“Levels of carbon dioxide in the atmosphere exceeded 411 parts per million (ppm) in May, the highest monthly average ever recorded at the Mauna Loa Observatory in Hawaii, home to the world’s longest continuous CO2 record. In addition, scientists found that the rate of CO2 increase is accelerating, from an average 1.6 ppm per year in the 1980s and 1.5 ppm per year in the 1990s to 2.2 ppm per year during the last decade.”
Let’s face an uncomfortable truth: even as we amp up our climate resistance, we might nevertheless reach, and then exceed, crucial climate change tipping points. No matter how hard we organize, no matter how many “fossil fuel-free” resolutions we pass, no matter how often we march, we might still end up rushing inexorably toward climate change catastrophe.
Will we do what we must to leave Earth as unsullied as possible to beings that will survive us?Indeed, it is increasingly likely that we will.
Turn away from this possibility and you turn away from climate justice. In particular, you leave planning for the worst-case scenario to the military-fossil fuel complex, to the insurance industry, and to men and women who will attempt to profit from human misery to the very end. You leave our most vulnerable sisters and brothers to fend for themselves. You create the conditions that will expose you to the whims of those who intend to survive our collective crisis at everyone’s expense.
We need climate activism that holds onto, and plans for, both the possibility that we can turn things around and the possibility that we will fail.
How will we ensure that national boundaries will be irrelevant when hungry children, women and men seek refuge from rising seas, drought, excessive heat, and other calamities?
We need climate activism that dares to ask: How might we envision, and then organize to create, a just dystopia? How will we distribute and share food and water when both are extremely scarce? How will we ensure that national boundaries will be irrelevant when hungry children, women and men seek refuge from rising seas, drought, excessive heat, and other calamities? How will we attend to one another’s spiritual needs in the midst of existential despair? What will we do to protect our nonhuman sisters and brothers? How will we attend to one another when we get sick from hunger and disease? What will we do to keep the greedy and the hateful from doing further harm to the planet? To us? Will we do what we must to leave Earth as unsullied as possible to beings that will survive us?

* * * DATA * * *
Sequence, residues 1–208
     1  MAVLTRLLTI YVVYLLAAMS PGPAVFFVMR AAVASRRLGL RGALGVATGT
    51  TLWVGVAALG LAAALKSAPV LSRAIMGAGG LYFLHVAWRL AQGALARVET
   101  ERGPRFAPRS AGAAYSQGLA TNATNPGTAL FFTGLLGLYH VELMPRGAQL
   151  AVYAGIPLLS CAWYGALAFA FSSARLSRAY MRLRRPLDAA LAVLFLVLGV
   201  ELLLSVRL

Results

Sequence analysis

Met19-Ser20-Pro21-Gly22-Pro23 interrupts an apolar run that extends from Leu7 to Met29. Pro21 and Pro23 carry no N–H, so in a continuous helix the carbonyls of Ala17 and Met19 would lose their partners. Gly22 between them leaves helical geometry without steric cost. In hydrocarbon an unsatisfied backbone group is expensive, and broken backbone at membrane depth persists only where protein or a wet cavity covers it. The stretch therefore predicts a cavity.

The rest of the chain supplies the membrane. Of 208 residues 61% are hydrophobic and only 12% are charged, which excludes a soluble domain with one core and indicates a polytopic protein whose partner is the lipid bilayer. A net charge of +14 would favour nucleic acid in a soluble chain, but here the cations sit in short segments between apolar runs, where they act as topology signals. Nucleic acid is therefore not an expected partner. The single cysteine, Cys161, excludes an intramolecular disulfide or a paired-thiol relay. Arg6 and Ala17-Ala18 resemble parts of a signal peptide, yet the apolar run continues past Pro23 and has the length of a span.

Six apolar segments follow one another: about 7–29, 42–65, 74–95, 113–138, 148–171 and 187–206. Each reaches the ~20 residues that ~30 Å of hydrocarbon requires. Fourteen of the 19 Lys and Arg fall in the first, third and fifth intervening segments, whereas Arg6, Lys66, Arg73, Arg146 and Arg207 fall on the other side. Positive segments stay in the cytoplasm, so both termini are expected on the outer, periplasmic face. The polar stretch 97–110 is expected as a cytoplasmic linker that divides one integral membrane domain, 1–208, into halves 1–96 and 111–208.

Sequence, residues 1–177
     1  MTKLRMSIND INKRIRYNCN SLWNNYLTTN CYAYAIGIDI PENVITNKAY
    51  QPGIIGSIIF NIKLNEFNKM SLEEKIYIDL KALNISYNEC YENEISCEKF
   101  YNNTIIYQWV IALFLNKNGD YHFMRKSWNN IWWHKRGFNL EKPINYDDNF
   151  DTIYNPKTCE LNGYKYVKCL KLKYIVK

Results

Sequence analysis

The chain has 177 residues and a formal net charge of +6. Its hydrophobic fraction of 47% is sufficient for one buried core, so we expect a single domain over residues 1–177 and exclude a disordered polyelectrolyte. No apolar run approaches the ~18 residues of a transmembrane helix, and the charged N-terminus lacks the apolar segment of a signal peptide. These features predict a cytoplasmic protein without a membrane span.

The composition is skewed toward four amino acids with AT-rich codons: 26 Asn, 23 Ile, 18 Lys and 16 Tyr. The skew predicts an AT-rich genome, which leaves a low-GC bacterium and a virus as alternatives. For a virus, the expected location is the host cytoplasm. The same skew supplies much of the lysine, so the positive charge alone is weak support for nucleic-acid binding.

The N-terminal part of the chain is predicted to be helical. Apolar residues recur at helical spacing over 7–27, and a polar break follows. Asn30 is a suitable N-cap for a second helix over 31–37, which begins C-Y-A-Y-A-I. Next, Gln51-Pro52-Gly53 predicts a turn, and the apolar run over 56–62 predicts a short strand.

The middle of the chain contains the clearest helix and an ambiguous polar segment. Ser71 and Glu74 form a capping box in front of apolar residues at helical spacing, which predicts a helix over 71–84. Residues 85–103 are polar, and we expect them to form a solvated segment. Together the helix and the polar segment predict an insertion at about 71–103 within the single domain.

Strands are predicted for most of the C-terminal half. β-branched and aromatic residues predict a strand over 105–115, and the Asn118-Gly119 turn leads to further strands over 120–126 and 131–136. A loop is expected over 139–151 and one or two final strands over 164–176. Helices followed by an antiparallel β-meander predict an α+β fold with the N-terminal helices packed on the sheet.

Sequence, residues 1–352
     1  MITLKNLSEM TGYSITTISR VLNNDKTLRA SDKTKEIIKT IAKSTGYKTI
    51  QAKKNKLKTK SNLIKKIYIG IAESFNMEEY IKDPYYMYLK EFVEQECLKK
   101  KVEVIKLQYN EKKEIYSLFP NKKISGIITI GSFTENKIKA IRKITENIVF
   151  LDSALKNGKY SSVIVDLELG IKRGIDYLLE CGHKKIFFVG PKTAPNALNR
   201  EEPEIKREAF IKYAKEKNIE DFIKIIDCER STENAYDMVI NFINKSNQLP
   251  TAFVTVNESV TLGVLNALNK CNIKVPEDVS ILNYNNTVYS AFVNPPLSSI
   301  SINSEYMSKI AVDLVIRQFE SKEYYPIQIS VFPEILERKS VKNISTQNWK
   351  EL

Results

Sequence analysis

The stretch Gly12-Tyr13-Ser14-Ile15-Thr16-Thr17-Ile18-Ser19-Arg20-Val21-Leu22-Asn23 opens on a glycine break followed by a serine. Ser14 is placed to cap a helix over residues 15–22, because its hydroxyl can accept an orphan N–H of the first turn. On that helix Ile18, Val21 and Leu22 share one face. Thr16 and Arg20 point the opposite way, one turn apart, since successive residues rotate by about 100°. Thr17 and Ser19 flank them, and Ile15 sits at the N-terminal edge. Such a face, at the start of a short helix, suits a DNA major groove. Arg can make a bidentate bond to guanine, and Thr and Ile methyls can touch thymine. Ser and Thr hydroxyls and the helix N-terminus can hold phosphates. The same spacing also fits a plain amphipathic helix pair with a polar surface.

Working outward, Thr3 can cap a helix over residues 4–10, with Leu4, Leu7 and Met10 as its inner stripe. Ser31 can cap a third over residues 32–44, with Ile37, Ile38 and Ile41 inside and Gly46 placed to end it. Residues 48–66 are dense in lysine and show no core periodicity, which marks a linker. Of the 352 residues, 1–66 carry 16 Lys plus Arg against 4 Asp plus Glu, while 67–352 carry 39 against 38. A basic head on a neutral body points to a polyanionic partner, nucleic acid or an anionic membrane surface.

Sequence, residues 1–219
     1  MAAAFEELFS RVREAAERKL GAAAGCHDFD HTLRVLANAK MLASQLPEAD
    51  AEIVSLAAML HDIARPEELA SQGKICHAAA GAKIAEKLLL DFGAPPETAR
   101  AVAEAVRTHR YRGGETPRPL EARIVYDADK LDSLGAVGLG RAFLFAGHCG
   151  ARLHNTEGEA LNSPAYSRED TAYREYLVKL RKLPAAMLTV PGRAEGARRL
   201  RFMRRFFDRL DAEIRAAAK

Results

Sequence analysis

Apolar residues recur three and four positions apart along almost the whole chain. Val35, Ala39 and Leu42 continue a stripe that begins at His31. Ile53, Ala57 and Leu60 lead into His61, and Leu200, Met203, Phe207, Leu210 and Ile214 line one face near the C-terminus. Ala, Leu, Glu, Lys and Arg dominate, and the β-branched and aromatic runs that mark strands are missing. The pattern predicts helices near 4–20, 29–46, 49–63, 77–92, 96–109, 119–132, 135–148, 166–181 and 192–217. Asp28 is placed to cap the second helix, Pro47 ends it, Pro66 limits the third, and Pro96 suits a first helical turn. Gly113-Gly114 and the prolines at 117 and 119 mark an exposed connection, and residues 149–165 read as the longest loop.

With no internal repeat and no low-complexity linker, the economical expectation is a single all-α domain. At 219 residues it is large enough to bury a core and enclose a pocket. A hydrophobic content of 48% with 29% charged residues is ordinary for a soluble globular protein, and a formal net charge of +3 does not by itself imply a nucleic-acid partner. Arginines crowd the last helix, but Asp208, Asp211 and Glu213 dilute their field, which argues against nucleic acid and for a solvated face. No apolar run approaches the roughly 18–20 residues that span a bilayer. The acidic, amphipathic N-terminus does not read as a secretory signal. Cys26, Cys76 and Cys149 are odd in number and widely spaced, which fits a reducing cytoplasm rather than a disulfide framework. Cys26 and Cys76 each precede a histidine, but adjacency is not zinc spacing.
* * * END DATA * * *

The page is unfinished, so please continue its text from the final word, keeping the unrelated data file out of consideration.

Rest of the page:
Are we willing to fight for justice to the human end?
To answer these questions, we must turn toward, not away, from despair, and transform it into a source of power.
But we cannot transform despair into power if we only want to hear “positive” stories about climate change, or stories of triumph and resilience (though these are certainly important). Turning away from the possibility that we might fail, we turn despair into something that paralyzes us, that makes us act as if the fight for justice is over the moment that scientists announce, “too late.” We hand it over to those who will use despair to divide, to oppress, and to conquer.
We cannot allow ourselves to be paralyzed. Justice requires from us something more.